So I've seen other posts here that do discuss this, but I'm not quite sure how the time complexity (I think?) relates to the actual number of floating point operations done per second when you're changing the size of the matrix you're working on. The time taken is of course the same each time, since it is padded to a size $N(>n)$ which is a power of 2. So the number of floating point operations is also according to the new dimension $N$, right?

So for example, what's mentioned in this answer and the other answers there wouldn't exactly be the same for the actual number of floating point operations, right? Since all the zeros added at the beginning would be used in the computations anyway?

As I'm doing this right now, my, say 450 sized matrix multiplication takes about the same time as the 512 one, but that's expected. When calculating the floating point operations, they would be according to the larger N, right?


2 Answers 2


You wouldn’t pad to a power of two.

First, for small matrix sizes you would just produce the fastest code you can, without using Strassen at all. Then you figure out for which n a 2n x 2n matrix is multiplied using one step of the Strassen method, and if the size is odd, you increase by 1. So the total increase will be much less than a power of two.

So for your 450x450 example, you multiply 225x225, then 113x113, 57x57, 29x29, and if you find that Strassen for 15x15 is no improvement then you have calculated a 464x464 product. Much faster than 512x512.

Now if you want to calculate floating-point operations per second, then you might consider instead to calculate useful floating-point operations per second and not count operations x times 0 and z = z + x times 0 coming from padding.

  • $\begingroup$ Thanks, this actually makes a lot of sense! So from an implementation point of view, padding to a power of two seems to make it easier to get rid of the extra zeros later to retrieve the actual answer. But yeah no I'll probably try to figure out how to get this done in a proper way for matrices that aren't padded to powers of two! $\endgroup$ Commented May 12 at 20:18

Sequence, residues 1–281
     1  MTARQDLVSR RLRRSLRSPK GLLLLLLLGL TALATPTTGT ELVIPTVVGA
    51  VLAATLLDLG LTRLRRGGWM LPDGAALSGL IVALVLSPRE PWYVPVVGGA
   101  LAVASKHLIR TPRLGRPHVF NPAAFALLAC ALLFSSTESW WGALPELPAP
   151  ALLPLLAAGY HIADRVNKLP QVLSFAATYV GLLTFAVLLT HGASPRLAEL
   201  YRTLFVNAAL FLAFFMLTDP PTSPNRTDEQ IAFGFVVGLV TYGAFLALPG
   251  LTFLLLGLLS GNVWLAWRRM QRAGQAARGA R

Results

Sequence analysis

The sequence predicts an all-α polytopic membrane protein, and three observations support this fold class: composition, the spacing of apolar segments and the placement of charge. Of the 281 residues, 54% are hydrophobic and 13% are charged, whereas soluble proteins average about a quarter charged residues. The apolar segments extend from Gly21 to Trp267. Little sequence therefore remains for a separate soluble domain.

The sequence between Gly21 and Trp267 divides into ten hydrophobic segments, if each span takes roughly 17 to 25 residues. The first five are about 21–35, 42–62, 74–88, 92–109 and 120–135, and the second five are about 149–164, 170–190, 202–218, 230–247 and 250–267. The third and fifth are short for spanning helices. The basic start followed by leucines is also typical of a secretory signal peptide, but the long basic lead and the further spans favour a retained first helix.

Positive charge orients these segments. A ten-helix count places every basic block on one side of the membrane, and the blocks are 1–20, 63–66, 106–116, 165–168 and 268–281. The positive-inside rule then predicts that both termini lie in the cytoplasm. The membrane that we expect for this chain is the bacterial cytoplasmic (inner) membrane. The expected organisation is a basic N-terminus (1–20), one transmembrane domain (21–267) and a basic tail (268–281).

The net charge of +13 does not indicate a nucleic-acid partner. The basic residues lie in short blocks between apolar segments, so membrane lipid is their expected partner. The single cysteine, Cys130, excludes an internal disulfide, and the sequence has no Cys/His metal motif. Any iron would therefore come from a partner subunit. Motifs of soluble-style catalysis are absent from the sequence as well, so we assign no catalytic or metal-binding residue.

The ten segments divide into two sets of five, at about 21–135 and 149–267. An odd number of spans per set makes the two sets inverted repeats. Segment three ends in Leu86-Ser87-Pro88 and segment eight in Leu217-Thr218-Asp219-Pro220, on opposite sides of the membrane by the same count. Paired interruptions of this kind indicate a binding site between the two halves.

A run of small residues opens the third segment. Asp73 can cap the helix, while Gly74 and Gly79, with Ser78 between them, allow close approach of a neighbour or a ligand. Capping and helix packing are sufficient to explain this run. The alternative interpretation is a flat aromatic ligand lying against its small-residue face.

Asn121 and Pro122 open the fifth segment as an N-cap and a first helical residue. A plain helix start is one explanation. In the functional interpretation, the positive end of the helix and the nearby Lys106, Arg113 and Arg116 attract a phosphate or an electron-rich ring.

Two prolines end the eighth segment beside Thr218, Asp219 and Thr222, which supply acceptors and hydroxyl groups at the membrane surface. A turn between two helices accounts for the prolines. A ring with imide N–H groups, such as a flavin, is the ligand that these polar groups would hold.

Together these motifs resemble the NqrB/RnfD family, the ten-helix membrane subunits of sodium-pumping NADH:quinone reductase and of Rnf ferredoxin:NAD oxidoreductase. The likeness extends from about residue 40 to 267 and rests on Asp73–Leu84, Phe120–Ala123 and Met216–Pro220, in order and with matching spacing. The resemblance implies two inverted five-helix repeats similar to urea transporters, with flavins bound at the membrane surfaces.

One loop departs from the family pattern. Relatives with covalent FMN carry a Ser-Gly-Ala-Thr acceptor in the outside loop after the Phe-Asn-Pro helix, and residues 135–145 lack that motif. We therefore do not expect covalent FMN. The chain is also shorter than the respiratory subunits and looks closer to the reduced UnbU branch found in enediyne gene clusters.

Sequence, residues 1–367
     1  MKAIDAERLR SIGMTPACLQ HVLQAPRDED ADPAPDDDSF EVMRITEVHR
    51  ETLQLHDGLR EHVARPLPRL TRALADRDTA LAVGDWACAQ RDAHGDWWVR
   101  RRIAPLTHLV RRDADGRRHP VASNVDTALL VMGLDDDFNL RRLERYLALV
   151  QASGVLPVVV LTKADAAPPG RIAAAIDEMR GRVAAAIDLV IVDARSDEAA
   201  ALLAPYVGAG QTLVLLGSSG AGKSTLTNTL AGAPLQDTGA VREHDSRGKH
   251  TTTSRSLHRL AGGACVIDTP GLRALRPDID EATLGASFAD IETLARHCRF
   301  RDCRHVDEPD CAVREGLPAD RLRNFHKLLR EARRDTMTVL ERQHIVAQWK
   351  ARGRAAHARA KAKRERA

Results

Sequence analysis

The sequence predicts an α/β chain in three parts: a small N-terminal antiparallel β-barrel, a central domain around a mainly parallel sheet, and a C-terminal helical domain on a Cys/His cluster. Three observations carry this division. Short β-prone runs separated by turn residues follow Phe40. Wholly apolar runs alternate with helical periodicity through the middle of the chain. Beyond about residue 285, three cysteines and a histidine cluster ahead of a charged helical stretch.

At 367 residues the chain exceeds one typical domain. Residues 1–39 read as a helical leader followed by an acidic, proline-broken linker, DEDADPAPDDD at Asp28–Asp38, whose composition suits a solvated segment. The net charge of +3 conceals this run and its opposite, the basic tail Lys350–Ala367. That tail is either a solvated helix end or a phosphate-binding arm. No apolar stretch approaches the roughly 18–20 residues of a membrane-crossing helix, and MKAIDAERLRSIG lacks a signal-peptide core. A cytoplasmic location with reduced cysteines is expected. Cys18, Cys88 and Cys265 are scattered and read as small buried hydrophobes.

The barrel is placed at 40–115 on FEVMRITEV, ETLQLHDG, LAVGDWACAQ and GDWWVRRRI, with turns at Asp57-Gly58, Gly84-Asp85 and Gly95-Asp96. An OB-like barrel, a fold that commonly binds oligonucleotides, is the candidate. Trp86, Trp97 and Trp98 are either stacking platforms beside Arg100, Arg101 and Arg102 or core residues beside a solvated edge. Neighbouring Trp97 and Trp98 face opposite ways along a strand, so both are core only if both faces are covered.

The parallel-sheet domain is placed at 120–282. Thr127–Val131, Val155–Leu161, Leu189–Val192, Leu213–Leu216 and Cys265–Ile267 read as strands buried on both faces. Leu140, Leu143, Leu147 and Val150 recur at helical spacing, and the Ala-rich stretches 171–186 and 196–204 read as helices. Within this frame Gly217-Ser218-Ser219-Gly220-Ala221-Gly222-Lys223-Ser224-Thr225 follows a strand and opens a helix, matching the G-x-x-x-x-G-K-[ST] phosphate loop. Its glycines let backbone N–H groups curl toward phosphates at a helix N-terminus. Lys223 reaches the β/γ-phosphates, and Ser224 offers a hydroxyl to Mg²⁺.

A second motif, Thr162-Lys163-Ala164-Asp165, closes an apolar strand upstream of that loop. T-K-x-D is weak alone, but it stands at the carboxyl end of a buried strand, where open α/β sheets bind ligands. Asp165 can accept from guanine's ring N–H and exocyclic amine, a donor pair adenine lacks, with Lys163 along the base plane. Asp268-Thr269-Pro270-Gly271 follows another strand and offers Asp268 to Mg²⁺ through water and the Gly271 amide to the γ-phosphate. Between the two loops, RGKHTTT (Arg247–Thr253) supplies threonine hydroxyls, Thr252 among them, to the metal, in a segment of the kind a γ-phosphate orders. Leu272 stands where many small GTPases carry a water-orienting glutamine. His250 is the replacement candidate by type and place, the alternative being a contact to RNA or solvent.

See, the idea is to choose the next power of $2$ for $n$ so that we have $\frac{N}{2} < n \le N$. Then, in an asymptotic sense, it does not matter whether you use $n$ or $N$. Here's why:

The actual complexity for multiplying padded matrixes of size $N \times N$ is $O(N^{\log_2 7})$. Now $N^{\log_2 7} < (2n)^{\log_2 7} = 2^{\log_2 7} \times n^{\log_2 7} = 7\times n^{\log_2 7} = O(n^{\log_2 7})$.

  • 1
    $\begingroup$ In practice, you will want the actual execution time of the algorithm. Because you want to use Strassen only if it makes things faster. And it doesn’t gain very much, I think a factor 2 if you multiply n by 32. So Big-O is only relevant for rather large matrices. And we don’t usually really care about the number of operations but the time it takes. So gflops / sec is a useful measurement. $\endgroup$
    – gnasher729
    Commented May 11 at 11:42
  • $\begingroup$ Yes, you are absolutely right, I have also upvoted your answer. I basically tried to address the following statement of the question: "So the number of floating point operations is also according to the new dimension N, right?" $\endgroup$
    – codeR
    Commented May 11 at 11:46

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